This uncertainty led me to disengage. I shied away from the Asian student groups, not knowing which of these communities would relate to and accept me. But over time, I missed accessing the ‘Asian’ parts of my identity, from the simple (like eating chicken feet) to the fraught (discussing the delicate relationships between government, technology, and privacy in the region). 

I am engaging now, hopefully and exploratively, and am learning how to figure out what being Asian can mean to me here, and now. Being Asian is complex and exhilarating, and I invite you to join all of us on the journey as we learn, and revise, and shape the experience and the definition. 

Justine Hong - MBA ‘19 

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I recently got in an argument with my mom, telling her she defined success for my sister and me too narrowly. By prioritizing formal education and financial stability, she didn’t teach us about current events or help us form political views. I felt like I was constantly playing catch-up, that my understanding of the “real world” had started so much later than my peers. My mom, hurt, told me I was being unfair. 

As I reflected, I realized I was the one thinking too narrowly. My childhood was full of stories about my mom’s perilous refugee journey from Vietnam to the United States and navigating the welfare and public education systems as a recent immigrant. I took countless trips to Malaysia to visit my paternal grandparents and can maneuver through a hawker market like a local. In this way, my parents exposed me to so many aspects of their lives while letting me shape my own perspective and identity. 

My mom is always telling me that because of what we have, “every day is extra.” She displays, with such consistency, an ability to lead with empathy -to have a genuine curiosity for the lives of others. 

From this, I learned that sharing personal stories is a way to form connections with anyone. Building relationships has helped me develop a strong sense of my values and how I want to advocate for them. This I learned from my mom, not by getting good grades in school.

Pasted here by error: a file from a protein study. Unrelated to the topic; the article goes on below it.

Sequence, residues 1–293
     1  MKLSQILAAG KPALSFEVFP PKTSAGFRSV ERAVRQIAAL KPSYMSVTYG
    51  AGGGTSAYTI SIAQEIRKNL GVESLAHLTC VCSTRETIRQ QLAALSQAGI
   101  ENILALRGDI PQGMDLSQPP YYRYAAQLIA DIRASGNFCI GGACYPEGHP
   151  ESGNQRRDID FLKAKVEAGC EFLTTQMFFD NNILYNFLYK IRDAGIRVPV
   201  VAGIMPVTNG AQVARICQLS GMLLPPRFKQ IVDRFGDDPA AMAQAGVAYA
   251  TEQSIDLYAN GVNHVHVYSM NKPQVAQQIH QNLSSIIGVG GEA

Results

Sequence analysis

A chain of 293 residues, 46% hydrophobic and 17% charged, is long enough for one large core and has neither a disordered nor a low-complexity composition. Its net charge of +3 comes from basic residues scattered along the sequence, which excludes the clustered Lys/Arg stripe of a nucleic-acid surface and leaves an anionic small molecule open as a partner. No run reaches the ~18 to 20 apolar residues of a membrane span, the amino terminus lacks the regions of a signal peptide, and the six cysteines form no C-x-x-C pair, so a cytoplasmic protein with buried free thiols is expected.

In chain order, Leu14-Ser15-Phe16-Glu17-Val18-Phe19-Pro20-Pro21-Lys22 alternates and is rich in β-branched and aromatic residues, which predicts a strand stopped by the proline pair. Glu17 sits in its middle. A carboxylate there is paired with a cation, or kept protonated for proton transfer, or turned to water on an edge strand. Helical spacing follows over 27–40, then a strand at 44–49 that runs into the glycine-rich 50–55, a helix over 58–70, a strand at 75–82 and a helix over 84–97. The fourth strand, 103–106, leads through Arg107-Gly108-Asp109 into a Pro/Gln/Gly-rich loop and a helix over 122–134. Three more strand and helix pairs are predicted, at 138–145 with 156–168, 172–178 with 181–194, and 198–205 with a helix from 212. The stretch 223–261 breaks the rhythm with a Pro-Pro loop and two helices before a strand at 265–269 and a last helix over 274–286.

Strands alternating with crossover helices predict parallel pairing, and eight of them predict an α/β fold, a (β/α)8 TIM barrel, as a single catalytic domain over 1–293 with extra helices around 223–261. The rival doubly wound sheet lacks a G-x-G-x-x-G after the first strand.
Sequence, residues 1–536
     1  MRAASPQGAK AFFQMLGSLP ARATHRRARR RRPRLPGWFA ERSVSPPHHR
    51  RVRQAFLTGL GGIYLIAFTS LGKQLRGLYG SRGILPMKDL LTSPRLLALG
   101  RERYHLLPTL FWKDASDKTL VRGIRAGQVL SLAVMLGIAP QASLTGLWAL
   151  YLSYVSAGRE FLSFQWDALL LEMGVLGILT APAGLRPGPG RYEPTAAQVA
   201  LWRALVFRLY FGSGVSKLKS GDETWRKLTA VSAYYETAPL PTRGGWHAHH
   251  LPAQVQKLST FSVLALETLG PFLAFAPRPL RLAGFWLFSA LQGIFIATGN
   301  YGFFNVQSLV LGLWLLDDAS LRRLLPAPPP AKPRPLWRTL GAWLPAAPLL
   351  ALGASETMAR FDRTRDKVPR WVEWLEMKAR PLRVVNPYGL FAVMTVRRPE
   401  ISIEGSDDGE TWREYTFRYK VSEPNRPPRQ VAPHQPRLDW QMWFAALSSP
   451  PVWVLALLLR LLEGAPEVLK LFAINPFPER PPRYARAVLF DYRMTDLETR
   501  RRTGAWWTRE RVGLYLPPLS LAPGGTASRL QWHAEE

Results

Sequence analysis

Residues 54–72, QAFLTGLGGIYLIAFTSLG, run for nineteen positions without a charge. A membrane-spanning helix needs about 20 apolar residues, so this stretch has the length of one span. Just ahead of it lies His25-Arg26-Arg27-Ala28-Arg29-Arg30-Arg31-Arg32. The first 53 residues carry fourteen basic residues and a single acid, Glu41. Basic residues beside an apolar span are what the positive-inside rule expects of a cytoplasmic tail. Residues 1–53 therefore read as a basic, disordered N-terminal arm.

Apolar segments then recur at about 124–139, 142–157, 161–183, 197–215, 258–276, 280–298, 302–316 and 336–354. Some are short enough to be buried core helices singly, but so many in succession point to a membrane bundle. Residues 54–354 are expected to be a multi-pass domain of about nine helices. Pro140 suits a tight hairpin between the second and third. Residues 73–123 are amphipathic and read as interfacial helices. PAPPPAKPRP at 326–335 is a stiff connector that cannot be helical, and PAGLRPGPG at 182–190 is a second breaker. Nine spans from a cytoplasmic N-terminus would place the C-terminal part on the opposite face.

Thomas Yao - MBA ‘19 

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“You’re pretty good for an Asian kid!” 

As a Chinese boy growing up in Germany, I learned to deal with acts of everyday racism. I had always been a passionate soccer player and assumed that at some point my skill would win over doubters. Through hard practice, I developed into a promising central midfielder; and yet, even though the coach named me captain of the under-15’s soccer team, people still just saw me as “das asiatische Kind” – the Asian kid. I simply stuck out as one of the few Asian children in Bottrop, a small city of 120,000 people. 

In Germany, I was accepted by my Caucasian friends, but was keenly aware I looked different. In China, I looked like my peers and spoke Mandarin fluently, but did not feel that I fit in culturally. In the US, I was identified as a foreigner. 

Unsurprisingly, I have not always felt I belonged. 

Over time, I have learned to accept myself for who I am. I finally found a sense of belonging not in where I am from or how I look, but in the people I am surrounded by. They do not see me as German, Chinese, or foreign. They do not see the automotive engineer, the McKinsey consultant, or the HBS student. They just see Thomas Yao. They see me. 

After nearly 30 years, I came to a realization: it is in the moments when I am authentically open, when I stay true to myself, that I am seen and can truly see others. If I have one call to action, it is this: When you feel pressure to conform, fight that urge and be the you that you cannot help but be. 

Tanvika Gupta - MBA ‘20 

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Growing up, I often asked my grandparents, Nani and Nana, to explain complicated Hindi words. For one word, rishte, they explained using photographs, videos, and people. They said that at their core, my rishte included everyone that I had bonds with. I struggled to grasp the significance of that moment, in which two of the people I cared most about shared what their rishte meant to them. Over time, I realized that the word translates to “relationships.” My relationships define me and are at the center of my most meaningful experiences; I will forever strive to pave my future with many more.